by Samuel Totten
Beginning in late January 2012, as malnourished refugees from the Nuba Mountains poured over the border into South Sudan, the international community discussed opening up a humanitarian corridor into the Nuba Mountains. Since then, the people of the Nuba Mountains – some 50 plus tribes of Muslims, Christians and animists – have faced daily bombings and been forced from their villages. Many have only sporadically been able to work their farms. Already eating food they wouldn’t normally touch until May, food stores have dwindled, while rates of starvation and malnutrition have soared. The constant fear is that when the rainy season sets in and it’s nearly impossible to travel the muddy, swampy dirt roads, mass starvation will set in and become a fact of life - and death. Yet the international community has failed to provide desperately needed humanitarian support.
The Government of Sudan adamantly refuses to allow any international agencies into the Nuba Mountains or Blue Nile, thus preventing humanitarian aid from reaching those in need. The international community seems handcuffed, either out of being truly flummoxed over how to act vis-à-vis certain situations or, in the case of individual nations, being so wedded to the notion that it is only worth acting when it is to their best interests or benefit. Often organisations, like Waging Peace – an NGO which campaigns against human rights abuses and genocide in Sudan – Human Rights Watch and Amnesty Internal are left as the only ones willing to shine a light on the atrocities perpetrated by the regime in Khartoum. [include link to Guardian article]
Frustrated by the inaction of the international community, a small group of individuals in the U.S. recently decided to take the matter into their own hands. The members of the group – two professors and four individuals closely tied to various Christian churches and organizations – have all been involved in Sudan in one way or another.
Raising more than 50,000 USD, the group purchased five and a half tons of traditional foods (sorghum, lintels, salt, and cooking oil) and transported it up and into the Nuba Mountains. By using direct action, the group hopes to shame decision makers at the UN and within the United States into action.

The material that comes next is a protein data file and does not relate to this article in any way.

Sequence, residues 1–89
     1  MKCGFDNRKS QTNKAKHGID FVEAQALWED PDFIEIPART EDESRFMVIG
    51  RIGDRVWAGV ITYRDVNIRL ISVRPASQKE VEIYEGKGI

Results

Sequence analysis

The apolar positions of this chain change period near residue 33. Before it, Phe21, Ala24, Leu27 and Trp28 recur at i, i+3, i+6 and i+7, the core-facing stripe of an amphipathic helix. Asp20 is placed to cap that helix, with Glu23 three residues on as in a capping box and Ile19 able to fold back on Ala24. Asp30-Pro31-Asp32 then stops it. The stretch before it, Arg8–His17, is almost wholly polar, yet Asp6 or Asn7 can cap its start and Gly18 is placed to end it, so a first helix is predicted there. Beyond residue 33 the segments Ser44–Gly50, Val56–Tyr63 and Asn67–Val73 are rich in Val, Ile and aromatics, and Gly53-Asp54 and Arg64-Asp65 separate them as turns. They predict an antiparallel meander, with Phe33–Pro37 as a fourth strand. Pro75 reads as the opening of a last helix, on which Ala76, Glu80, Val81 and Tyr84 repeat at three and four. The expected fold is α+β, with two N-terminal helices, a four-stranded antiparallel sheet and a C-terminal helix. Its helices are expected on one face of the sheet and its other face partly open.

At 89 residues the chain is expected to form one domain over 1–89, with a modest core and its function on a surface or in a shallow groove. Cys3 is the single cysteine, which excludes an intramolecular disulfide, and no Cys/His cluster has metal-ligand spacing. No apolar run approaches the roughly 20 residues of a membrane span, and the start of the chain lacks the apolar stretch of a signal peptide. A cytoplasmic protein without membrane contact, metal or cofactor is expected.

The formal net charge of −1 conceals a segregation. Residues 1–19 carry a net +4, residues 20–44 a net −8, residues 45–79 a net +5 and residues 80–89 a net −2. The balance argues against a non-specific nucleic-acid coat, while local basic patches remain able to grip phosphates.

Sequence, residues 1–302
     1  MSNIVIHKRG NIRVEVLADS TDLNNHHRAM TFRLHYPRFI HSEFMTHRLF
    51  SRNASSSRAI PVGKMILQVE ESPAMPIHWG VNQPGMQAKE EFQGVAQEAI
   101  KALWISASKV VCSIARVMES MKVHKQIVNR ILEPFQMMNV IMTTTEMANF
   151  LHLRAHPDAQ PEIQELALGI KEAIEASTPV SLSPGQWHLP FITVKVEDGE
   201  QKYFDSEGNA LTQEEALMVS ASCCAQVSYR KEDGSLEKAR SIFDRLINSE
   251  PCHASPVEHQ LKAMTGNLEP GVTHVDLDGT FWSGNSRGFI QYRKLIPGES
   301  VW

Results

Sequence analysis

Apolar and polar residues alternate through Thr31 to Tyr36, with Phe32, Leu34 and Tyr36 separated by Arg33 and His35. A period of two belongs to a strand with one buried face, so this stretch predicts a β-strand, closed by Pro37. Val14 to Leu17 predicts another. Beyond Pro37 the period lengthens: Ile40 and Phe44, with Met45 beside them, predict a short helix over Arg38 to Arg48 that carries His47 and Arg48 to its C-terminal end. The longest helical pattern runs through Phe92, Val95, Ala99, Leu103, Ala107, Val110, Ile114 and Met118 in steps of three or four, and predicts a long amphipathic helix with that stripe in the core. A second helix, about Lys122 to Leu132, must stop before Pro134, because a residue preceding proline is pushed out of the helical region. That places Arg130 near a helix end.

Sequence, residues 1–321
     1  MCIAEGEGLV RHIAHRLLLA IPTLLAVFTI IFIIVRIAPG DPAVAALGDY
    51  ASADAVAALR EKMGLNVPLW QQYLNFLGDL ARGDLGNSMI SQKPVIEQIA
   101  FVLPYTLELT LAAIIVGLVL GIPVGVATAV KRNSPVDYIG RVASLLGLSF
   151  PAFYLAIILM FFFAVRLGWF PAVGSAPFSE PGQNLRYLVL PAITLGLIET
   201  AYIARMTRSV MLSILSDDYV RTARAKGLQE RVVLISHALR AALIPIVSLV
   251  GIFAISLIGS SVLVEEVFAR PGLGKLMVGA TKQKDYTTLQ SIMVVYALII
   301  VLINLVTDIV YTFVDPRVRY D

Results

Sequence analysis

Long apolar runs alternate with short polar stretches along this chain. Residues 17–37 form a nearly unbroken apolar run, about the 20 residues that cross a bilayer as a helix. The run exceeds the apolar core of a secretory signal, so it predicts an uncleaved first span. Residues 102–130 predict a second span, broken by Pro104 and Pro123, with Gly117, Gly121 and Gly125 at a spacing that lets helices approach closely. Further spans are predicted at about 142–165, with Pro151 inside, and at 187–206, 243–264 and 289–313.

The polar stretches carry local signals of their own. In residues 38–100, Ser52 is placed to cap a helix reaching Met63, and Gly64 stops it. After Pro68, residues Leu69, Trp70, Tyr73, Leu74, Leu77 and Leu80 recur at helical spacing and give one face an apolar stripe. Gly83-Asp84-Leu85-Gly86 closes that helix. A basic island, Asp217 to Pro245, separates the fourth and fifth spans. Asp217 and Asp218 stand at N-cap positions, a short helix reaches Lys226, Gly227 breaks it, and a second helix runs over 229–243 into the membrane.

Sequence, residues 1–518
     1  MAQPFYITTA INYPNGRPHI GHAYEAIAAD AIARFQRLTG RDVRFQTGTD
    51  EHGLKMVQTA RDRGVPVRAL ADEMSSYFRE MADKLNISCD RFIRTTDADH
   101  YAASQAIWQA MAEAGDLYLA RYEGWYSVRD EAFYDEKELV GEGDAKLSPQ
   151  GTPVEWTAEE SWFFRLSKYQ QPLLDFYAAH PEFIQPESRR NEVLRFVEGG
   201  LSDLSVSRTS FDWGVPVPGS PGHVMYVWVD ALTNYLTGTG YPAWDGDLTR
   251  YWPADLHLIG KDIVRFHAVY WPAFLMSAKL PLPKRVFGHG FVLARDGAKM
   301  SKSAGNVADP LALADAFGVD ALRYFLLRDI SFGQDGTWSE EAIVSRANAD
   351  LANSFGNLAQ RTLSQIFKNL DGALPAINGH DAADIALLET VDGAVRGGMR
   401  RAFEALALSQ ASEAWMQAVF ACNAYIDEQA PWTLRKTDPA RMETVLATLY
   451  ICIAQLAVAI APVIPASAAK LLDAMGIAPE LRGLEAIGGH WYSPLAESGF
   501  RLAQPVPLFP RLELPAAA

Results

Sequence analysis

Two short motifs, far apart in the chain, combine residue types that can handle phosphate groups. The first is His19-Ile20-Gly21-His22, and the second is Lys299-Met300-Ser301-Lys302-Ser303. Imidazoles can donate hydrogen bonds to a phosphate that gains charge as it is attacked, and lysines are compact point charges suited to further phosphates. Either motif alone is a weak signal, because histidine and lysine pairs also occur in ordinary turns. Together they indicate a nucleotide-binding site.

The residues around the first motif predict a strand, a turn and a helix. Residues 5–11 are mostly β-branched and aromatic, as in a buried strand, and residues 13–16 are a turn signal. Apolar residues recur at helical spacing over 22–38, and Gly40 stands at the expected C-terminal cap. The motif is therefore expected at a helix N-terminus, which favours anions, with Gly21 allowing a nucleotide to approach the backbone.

After many failed attempts, last month a lorry packed to the brim with the five tons of food made its way across South Sudan and on up into the Nuba Mountains. Meanwhile I headed up into the Nuba Mountains on Christmas Day hauling another half ton of food in the Toyota Land cruiser I rented. As my driver, interpreter and I rumbled along the dusty and potholed dirt roads, we kept a vigilant eye out for Antonovs on bombing runs and hid in wadis (dry riverbeds thick with trees) until the planes had flown by.
While almost everyone in the Nuba Mountains wakes up and goes to bed hungry, those who reside high up in the mountains and great distances from the suqs (in some cases a four-day walk over mountainous terrain) are suffering severe malnutrition and starvation. A representative of the Nuba Mountains Relief, Rehabilitation and Development Organization (NRRDO) reports that 100% of the infants up in the mountains are suffering from severe malnutrition to starvation. As Dr. Tom Catena, the only surgeon at the only hospital in the Nuba Mountains, observed to me, the effect of hunger on the population can be far reaching. Babies are born smaller. Mothers have less milk for their babies. TB increases. Pneumonia increases. There are more broke bones as children climb trees and scramble up mountainsides in search off food. He told me of one child who was admitted with such a badly broken arm after falling out of a tree in search of tree leaves to eat that his arm had to be amputated.
If ample amounts of food are not somehow delivered and stored in the region prior to the outset of the rainy season it could possibly result in mass starvation.
Our first five tons were successfully delivered to different points in the Nuba Mountains: Kurche and Kauda. Understandably, the recipients were overjoyed, expressing their appreciation with their smiles, words of thanks and patting their hearts with the palms of their right hands.
The team – which goes by the name End Nuba Genocide – is currently raising new funding to haul another five tons of food into the Nuba Mountains in April. Five tons may be a drop in the bucket in regard to what is needed, but it provides ample evidence to the people in need that they have not been totally forgotten by the world and it is enough to stave off severe malnutrition and starvation for at least a handful of people.
For the time being, at least, its seems that such initiatives by intrepid individuals and ad hoc groups may be the only way forward in helping those in extreme distress and dire need when the international community is, for whatever reason, not willing to step up and honor the relatively new concept of “the responsibility to protect” (that is, it is the responsibility of each government to protect its own citizens and when it fails to do so, then it is the responsibility of the international community to step in and protect such individuals). In that regard, the End Nuba Genocide Coalition plans to lead the pack and act as a role model in that regard.
Sam Totten is a genocide expert, Professor at the University of Arkansas.